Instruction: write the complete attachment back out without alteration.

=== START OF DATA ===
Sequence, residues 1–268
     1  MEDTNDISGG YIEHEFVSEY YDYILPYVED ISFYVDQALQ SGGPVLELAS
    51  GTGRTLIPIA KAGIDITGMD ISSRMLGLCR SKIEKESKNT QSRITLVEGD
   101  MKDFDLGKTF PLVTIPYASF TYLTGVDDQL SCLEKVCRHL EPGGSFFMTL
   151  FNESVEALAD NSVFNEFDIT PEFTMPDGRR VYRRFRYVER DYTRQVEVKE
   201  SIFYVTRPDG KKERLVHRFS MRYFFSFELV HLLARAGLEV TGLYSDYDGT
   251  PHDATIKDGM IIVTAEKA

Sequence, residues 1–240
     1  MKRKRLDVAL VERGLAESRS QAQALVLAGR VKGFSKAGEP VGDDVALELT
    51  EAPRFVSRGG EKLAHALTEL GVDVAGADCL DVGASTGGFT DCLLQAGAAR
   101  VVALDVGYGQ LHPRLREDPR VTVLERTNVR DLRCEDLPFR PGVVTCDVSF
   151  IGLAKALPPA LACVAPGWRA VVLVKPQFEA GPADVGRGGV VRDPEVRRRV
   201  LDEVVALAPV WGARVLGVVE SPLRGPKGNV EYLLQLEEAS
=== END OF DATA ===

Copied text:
Sequence, residues 1–268
     1  MEDTNDISGG YIEHEFVSEY YDYILPYVED ISFYVDQALQ SGGPVLELAS
    51  GTGRTLIPIA KAGIDITGMD ISSRMLGLCR SKIEKESKNT QSRITLVEGD
   101  MKDFDLGKTF PLVTIPYASF TYLTGVDDQL SCLEKVCRHL EPGGSFFMTL
   151  FNESVEALAD NSVFNEFDIT PEFTMPDGRR VYRRFRYVER DYTRQVEVKE
   201  SIFYVTRPDG KKERLVHRFS MRYFFSFELV HLLARAGLEV TGLYSDYDGT
   251  PHDATIKDGM IIVTAEKA

Sequence, residues 1–240
     1  MKRKRLDVAL VERGLAESRS QAQALVLAGR VKGFSKAGEP VGDDVALELT
    51  EAPRFVSRGG EKLAHALTEL GVDVAGADCL DVGASTGGFT DCLLQAGAAR
   101  VVALDVGYGQ LHPRLREDPR VTVLERTNVR DLRCEDLPFR PGVVTCDVSF
   151  IGLAKALPPA LACVAPGWRA VVLVKPQFEA GPADVGRGGV VRDPEVRRRV
   201  LDEVVALAPV WGARVLGVVE SPLRGPKGNV EYLLQLEEAS